The microporous polymer which comprises the information layer of the recording medium is initially opaque due to its porous structure providing so many "nuclei" to cause light scattering. Upon collapse of the structure in a particular area, however, that particular region becomes transparent due to the lack of "nuclei", and denotes an information bit. Moreover, the energy invested in causing this selective collapse of the microporous structure is much less than that required to ablate a polymer or metallic layer in order to cause pit formation. Due to the porosity of the polymer layer, very little polymer need be melted to cause a total collapse of the structure in a well-defined area. As well, due to the stretch tension which generally exists in a film of microporous polymer when a stretching technique is employed in its manufacture, even less heat is required to thereby cause a collapse of the polymer. If the film structure is established by a stretching technique, as the material softens, the inherent strain is released resulting in the material pulling away from the heated spot. This results in also removing reflective or energy-absorbing material from the heated spot. This is the reason that Celgard® and other microporous films made by a stretch technique are preferred to the use of microporous films manufactured by a non-stretch technique, e.g., leaching. The sensitivity of the layer is simply greater.
It has furthermore been found that such collapse of the porous structure to give a light transparent region provides a significant contrast with the remaining opaque polymer layer so as to be suitable for use in optical disks, as well as other forms of optical recording media such as cards and tape. Thus, a highly sensitive and energy efficient system is achieved through the use of a microporous information layer in accordance with the presen invention.
A significant group of polymers, i.e., synthetic resinous materials, from which the microporous polymer utilized in the present invention may be formed are the olefin polymers, e.g., polyethylene, polypropylene, poly-3-methyl butene-1, poly-4-methyl pentene-1, 4-methyl pentene-1, or copolymers thereof with each other or with minor amounts of other olefins, e.g., copolymers of propylene and ethylene, copolymers of a major amount of 3-methyl butene-1 and a minor amount of a straight chain n-alkene such as n-octene-1, n-hexadecene-1, relatively long chain alkenes, as well as copolymers of 3-ethyl pentene-1 and any of the same n-alkenes mentioned previously in connection with 3-methyl butene-1.
The invention also contemplates the use of high molecular weight acetal, e.g., oxymethylene polymers. While both acetal homopolymers and copolymers are contemplated, the preferred acetal polymer is a "random" oxymethylene copolymer, i.e., one which contains recurring oxymethylene, i.e., --CH2 --O--, units interspersed with --OR--groups in the main polymer chain where R is a divalent radical containing at least two carbon atoms directly linked to each other and positioned in the chain between two valences, with any substituents on said R radical being inert, that is, which do not include interfering functional groups and which will not induce undesirable reactions, and wherein a major amount of the --OR-- units exist as single units attached to oxymethylene groups on each side. Examples of preferred polymers include copolymers of trioxane and cyclic ethers containing at least two adjacent carbon atoms such as the copolymers disclosed in U.S. Pat. No. 3,027,352 of Walling et al. These polymers in film form may also have a crystallinity of at least 20 percent, preferably at least 30 percent, and most preferably at least 50 percent, e.g., 50 to 60 percent, or higher. Further, these polymers have a melting point of at least 150° C. and a number average molecular weight of at least 10,000. For a more detailed discussion of acetal and oxymethylene polymers, see, Formaldehyde, Walker, pp. 175-191 (Reinhold, 1964).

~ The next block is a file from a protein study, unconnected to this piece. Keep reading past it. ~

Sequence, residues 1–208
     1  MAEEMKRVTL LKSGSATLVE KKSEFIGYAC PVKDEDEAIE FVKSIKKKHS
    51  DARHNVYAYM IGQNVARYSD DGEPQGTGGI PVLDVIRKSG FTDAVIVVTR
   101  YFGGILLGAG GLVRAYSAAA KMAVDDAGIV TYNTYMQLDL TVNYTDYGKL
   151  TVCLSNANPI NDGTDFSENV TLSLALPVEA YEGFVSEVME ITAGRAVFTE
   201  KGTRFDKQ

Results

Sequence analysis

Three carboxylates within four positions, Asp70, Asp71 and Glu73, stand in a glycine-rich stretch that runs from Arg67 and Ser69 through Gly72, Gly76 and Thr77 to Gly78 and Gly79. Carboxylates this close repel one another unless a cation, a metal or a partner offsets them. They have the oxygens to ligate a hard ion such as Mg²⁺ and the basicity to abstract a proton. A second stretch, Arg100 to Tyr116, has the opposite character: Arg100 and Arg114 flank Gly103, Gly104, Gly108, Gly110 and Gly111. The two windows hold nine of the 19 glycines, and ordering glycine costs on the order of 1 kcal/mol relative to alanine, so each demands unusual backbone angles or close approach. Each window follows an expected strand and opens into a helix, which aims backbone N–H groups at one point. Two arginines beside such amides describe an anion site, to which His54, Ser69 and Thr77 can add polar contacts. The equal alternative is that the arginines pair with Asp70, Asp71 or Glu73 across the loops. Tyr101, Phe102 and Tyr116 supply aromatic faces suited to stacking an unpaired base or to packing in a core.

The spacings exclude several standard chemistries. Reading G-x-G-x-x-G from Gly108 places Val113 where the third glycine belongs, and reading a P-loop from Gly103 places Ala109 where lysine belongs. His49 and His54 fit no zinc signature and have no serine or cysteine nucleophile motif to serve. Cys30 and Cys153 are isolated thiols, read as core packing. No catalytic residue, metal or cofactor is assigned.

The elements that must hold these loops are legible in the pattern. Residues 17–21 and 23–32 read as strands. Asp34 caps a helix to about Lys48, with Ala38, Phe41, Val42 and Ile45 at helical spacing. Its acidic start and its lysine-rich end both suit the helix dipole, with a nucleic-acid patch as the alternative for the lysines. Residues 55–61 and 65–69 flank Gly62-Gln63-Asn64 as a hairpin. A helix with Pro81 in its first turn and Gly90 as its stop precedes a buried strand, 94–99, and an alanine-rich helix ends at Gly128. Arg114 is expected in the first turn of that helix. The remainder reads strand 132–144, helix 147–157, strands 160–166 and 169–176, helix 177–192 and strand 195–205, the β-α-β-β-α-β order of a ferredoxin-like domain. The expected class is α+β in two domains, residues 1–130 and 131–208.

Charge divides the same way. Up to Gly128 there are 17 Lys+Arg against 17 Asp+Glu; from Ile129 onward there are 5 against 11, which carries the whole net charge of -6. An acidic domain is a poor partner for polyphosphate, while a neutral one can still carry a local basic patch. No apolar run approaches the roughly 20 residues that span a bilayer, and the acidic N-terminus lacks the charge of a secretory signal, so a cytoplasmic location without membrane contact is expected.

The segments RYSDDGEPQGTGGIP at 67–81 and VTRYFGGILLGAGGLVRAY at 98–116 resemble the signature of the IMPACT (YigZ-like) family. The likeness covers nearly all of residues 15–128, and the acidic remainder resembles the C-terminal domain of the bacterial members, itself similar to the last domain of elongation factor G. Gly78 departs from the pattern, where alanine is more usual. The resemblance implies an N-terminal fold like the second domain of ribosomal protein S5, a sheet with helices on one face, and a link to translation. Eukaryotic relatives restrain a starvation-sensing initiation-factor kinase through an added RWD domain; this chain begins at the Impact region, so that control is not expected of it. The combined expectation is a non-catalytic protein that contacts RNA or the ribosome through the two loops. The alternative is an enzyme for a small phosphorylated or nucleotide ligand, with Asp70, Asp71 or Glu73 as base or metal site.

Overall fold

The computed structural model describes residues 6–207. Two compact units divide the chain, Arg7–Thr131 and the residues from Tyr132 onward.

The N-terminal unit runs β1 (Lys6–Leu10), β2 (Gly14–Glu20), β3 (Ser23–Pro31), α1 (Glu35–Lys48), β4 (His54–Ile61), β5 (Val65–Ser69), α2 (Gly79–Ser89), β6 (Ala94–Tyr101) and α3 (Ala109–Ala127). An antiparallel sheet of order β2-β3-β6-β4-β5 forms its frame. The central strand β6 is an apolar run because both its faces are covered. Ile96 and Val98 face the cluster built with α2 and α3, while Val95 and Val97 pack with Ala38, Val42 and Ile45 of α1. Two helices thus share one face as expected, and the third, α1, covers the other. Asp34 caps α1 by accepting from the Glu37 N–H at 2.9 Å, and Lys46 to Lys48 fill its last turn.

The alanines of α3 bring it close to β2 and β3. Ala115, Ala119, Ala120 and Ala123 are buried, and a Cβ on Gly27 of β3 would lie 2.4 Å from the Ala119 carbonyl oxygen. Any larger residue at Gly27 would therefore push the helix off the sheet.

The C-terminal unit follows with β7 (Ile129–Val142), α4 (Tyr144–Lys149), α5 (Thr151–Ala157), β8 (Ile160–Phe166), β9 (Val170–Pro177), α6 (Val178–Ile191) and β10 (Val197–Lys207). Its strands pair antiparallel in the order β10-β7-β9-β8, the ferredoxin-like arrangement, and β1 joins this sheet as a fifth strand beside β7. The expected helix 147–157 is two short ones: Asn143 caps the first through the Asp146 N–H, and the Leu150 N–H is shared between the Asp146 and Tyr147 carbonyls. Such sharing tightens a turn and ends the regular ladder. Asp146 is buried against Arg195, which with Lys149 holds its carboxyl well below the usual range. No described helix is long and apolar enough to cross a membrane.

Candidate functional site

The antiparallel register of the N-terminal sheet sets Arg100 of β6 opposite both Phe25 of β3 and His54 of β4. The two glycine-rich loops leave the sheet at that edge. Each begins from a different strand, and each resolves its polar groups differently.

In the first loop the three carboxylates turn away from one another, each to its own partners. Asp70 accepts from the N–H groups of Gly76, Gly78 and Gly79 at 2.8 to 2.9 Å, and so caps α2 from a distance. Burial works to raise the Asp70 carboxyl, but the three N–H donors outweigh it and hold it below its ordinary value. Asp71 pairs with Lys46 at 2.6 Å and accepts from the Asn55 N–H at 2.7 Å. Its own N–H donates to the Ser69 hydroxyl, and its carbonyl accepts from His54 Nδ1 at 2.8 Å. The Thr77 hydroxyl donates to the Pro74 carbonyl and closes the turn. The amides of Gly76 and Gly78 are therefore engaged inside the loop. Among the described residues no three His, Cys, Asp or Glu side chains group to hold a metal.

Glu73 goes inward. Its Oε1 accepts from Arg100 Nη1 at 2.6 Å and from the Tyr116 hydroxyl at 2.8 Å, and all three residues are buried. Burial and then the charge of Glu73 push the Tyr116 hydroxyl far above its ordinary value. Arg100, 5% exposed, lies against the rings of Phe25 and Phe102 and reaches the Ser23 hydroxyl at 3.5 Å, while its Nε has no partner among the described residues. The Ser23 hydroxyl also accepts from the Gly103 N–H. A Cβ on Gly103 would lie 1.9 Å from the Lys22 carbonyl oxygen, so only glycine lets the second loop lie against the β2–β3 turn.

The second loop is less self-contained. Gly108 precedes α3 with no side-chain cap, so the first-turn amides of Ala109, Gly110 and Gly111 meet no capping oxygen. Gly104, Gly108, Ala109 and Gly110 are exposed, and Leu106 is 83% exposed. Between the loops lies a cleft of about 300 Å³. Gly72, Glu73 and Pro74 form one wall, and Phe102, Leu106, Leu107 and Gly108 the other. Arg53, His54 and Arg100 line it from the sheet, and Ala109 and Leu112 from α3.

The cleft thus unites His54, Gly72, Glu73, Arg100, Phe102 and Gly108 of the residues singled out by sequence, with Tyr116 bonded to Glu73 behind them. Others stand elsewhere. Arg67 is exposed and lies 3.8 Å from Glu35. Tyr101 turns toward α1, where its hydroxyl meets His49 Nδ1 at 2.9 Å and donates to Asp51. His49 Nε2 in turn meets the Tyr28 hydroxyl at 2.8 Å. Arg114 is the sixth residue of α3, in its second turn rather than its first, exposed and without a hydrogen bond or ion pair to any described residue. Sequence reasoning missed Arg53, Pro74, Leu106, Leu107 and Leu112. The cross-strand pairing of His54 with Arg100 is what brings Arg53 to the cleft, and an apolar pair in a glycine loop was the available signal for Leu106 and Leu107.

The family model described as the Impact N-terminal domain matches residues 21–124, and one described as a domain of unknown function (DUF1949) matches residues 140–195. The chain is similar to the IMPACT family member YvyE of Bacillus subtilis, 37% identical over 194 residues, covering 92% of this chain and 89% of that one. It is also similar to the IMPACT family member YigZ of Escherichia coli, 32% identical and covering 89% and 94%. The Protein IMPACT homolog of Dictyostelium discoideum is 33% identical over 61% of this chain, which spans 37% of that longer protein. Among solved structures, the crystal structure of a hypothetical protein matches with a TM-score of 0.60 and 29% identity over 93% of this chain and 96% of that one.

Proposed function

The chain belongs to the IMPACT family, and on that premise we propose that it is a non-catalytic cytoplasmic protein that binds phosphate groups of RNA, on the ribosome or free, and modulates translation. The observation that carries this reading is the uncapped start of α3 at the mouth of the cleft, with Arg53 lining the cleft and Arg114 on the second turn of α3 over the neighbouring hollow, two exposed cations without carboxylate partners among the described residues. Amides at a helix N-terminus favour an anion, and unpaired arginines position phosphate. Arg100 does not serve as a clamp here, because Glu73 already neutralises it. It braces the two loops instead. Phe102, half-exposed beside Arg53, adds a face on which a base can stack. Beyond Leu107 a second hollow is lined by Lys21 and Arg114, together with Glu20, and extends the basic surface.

Other relatively crystalline polymers to which the invention may be applied are the polyalkylene sulfides such as polymethylene sulfide and polyethylene sulfide, the polyarylene oxides such as polyhexamethylene adipamide (nylon 66) and polycaprolactam (nylon 6), and polyesters such as polyethylene terephthalate, all of which are well known in the art and need not be described further herein for sake of brevity.
The microporous polymers can be prepared in accordance with any of the well-known methods. It is preferred, however, that a microporous film be employed which was prepared by a stretching technique. For example, the microporous polymer layer can be obtained by using the cold stretching, hot stretching and heat setting process of U.S. Pat. No. 3,801,404, the disclosure of which is herein expressly incorporated by reference. Moreover, the process of U.S. Pat. No. 4,138,459 may also be employed, which disclosure is also expressly incorporated herein by reference. The process comprises uniaxially cold stretching a non-porous elastic polymer fiber at a temperature in the range of between about -20° C. and a temperature 25° C. below the crystalline melting temperature of the polymer film. The cold stretching is followed by hot stretching in the sam direction at a temperature